Rupee rout: on the Indian currency’s slide
India’s macroeconomic threats(ख़तरा/आशंका) lie exposed as it grapples with the rupee’s slide. The currency sunk to a closing low of 68.07 against the U.S. dollar on Tuesday, its lowest level in 16 months, before recovering slightly(थोड़ा/साधारणत:) the next day. The rupee, already one of the worst(निकृष्टतम/अत्यंत बुरा) performing Asian currencies, has now weakened 6.2% in 2018. The rise in crude oil prices through this year, amidst rising geopolitical(भूगर्भीय) tensions in West Asia and dwindling(क्षीण होना/महत्त्व खोना) global supply, have obviously hurt the rupee and the trade balance. Meanwhile, despite(के बावजूद) a depreciating currency(कमजोर मुद्रा ), India’s merchandise exports are stumbling(लड़खड़ाना/ठोकर खाना) instead of gaining from the opportunity. April clocked a sharp decline in exports from employment-intensive(रोजगार प्रधान) sectors such as readymade garments and gems and jewellery, according to official data. The trade deficit(अभाव/नुकसान) has consequently(फलस्वरूप/परिणामतः) widened to $13.7 billion in April, compared to $13.25 billion in the same month in 2017. The value of oil and petroleum product imports increased by 41.5% from last year to hit $10.4 billion. U.S. sanctions following Washington’s withdrawal from the Iran nuclear deal and a June 22 meeting of OPEC should drive oil price trends hereon. Oil prices apart, the tightening of U.S. monetary(मुद्रा) policy has almost always spelled trouble(मुसीबत) for emerging market economies hooked to Western capital inflows. This time it is no different; capital outflows are scuppering(टूटना/छेड़छाड़ करना )the currencies of many emerging market economies.
As the U.S. Federal Reserve has come to adopt a more hawkish stance, investors in search of higher risk-adjusted yields(पैदावार/उपज) have started to pull money out of emerging(उभरना/निकलना) markets. Yields on emerging market bonds have risen as investors sold them off aggressively(उग्रता के साथ।). The yield on the 10-year bond issued by the Indian government has risen to more than 7.8%, from 7.1% in early April. Foreign portfolio investors (FPIs) pulled out ₹15,500 crore from India’s capital markets in April, which is the highest monthly outflow since December 2016. Not surprisingly(हैरानी की बात है,/चकित करते हुए), about two-thirds of the outflow was attributed(जिम्मेदार ठहराया/आरोपित करना) to the bond market. The current headwinds from the reversal of capital flows were only to be expected. India is better placed than countries such as Argentina or Turkey. But that’s no reason to be complacent(आत्मसंतुष्ट/प्रसन्न) as external account risks can get out of hand very quickly. A hike in the RBI’s benchmark interest rates could stem the capital exodus(पूंजीगत पलायन ), but with core inflation picking up and the government keen on a rate cut as a growth catalyst, the RBI has an unenviable dilemma(दुविधा) on its hands. Policymakers, blessed with relatively(अपेक्षाकृत) benign external economic conditions after the taper tantrum of 2013, will have to find means to spur exports — whether by facilitating swifter GST refunds or taking on tariff and non-tariffbarriers(बाधाएं) from the developed world. Efforts to diversify India’s energy basket also need greater stress.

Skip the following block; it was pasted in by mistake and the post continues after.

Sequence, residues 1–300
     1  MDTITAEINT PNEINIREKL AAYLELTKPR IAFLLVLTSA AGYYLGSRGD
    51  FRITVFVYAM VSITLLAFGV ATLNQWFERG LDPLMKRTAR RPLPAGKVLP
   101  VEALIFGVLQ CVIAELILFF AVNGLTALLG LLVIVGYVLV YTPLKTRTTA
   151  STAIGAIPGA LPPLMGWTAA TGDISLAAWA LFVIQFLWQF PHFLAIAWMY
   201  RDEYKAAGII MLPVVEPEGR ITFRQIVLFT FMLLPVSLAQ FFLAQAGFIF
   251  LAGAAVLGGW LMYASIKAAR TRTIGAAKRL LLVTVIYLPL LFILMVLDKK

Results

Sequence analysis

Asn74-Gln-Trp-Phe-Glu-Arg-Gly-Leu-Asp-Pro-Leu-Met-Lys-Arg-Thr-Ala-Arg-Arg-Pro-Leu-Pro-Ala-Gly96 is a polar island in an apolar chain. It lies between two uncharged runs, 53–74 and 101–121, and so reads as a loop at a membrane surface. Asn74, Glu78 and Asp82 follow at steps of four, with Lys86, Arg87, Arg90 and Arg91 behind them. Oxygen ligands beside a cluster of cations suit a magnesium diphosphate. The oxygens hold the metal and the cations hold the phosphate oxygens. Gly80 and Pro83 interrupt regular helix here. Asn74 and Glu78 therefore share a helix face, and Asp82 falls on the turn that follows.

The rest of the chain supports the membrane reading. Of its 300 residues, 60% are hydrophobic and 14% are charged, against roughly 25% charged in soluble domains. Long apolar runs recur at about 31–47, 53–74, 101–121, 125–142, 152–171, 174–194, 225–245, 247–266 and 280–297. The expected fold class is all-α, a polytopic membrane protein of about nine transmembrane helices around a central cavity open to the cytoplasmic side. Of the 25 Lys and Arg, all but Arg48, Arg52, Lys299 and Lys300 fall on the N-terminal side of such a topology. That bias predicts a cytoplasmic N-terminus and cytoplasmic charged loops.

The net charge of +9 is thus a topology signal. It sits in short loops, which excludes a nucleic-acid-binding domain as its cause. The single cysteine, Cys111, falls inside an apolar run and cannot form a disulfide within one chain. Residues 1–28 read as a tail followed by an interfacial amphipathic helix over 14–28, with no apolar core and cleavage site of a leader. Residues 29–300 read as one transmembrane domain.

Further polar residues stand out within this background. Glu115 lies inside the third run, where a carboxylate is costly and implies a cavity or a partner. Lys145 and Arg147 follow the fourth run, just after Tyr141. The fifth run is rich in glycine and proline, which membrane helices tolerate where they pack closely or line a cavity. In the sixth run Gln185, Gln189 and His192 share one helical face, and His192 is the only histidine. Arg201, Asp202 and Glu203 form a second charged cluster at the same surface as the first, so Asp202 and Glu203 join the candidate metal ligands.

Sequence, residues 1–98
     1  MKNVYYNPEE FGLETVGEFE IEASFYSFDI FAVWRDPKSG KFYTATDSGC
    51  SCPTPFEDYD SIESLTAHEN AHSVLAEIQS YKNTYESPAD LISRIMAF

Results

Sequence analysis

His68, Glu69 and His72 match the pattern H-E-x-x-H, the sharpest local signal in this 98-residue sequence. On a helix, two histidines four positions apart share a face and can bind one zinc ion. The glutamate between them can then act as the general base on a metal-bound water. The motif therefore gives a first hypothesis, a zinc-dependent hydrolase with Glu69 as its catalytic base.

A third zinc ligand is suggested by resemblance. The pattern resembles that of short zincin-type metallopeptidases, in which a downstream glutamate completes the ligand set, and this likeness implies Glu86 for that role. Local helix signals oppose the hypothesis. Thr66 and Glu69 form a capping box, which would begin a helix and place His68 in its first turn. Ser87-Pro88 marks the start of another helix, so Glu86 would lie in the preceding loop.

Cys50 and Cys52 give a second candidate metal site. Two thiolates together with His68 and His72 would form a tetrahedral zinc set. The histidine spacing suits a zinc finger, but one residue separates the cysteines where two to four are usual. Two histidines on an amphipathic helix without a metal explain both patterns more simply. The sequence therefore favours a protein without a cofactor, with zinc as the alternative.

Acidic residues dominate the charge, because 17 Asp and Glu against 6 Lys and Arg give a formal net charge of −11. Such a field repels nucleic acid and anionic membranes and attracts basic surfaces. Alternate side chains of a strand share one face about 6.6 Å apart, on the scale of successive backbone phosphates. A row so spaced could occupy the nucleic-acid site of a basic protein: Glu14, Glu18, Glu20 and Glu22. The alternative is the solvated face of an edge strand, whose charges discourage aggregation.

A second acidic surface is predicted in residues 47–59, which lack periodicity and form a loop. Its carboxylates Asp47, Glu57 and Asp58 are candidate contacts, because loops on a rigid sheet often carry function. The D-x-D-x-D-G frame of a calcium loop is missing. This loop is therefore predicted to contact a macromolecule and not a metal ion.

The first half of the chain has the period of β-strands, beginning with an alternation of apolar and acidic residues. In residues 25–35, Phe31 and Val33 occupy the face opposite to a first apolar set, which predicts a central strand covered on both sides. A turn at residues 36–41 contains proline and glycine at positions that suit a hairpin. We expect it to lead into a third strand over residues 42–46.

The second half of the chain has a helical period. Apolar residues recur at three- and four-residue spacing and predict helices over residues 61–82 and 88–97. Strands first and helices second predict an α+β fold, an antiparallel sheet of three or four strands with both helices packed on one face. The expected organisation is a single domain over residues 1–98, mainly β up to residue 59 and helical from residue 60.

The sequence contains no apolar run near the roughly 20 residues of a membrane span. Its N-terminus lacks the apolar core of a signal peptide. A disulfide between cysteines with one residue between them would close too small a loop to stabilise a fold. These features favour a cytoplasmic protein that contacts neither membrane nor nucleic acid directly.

1.dwindling(क्षीण होना/महत्त्व खोना)
Synonyms: abate, decay, decline, decrease, die down
Antonyms: ascend, develop, enhance, enlarge, expand
Synonyms: lowest, bad, inferior, least, unfavorable
Synonyms: therefore, ergo, thereupon, wherefore
Synonyms: apply, associate, blame, connect, credit
Synonyms: difficulty, embarrassment, impasse, mess, plight
Antonyms: good fortune, solution, advantage, benefit, boon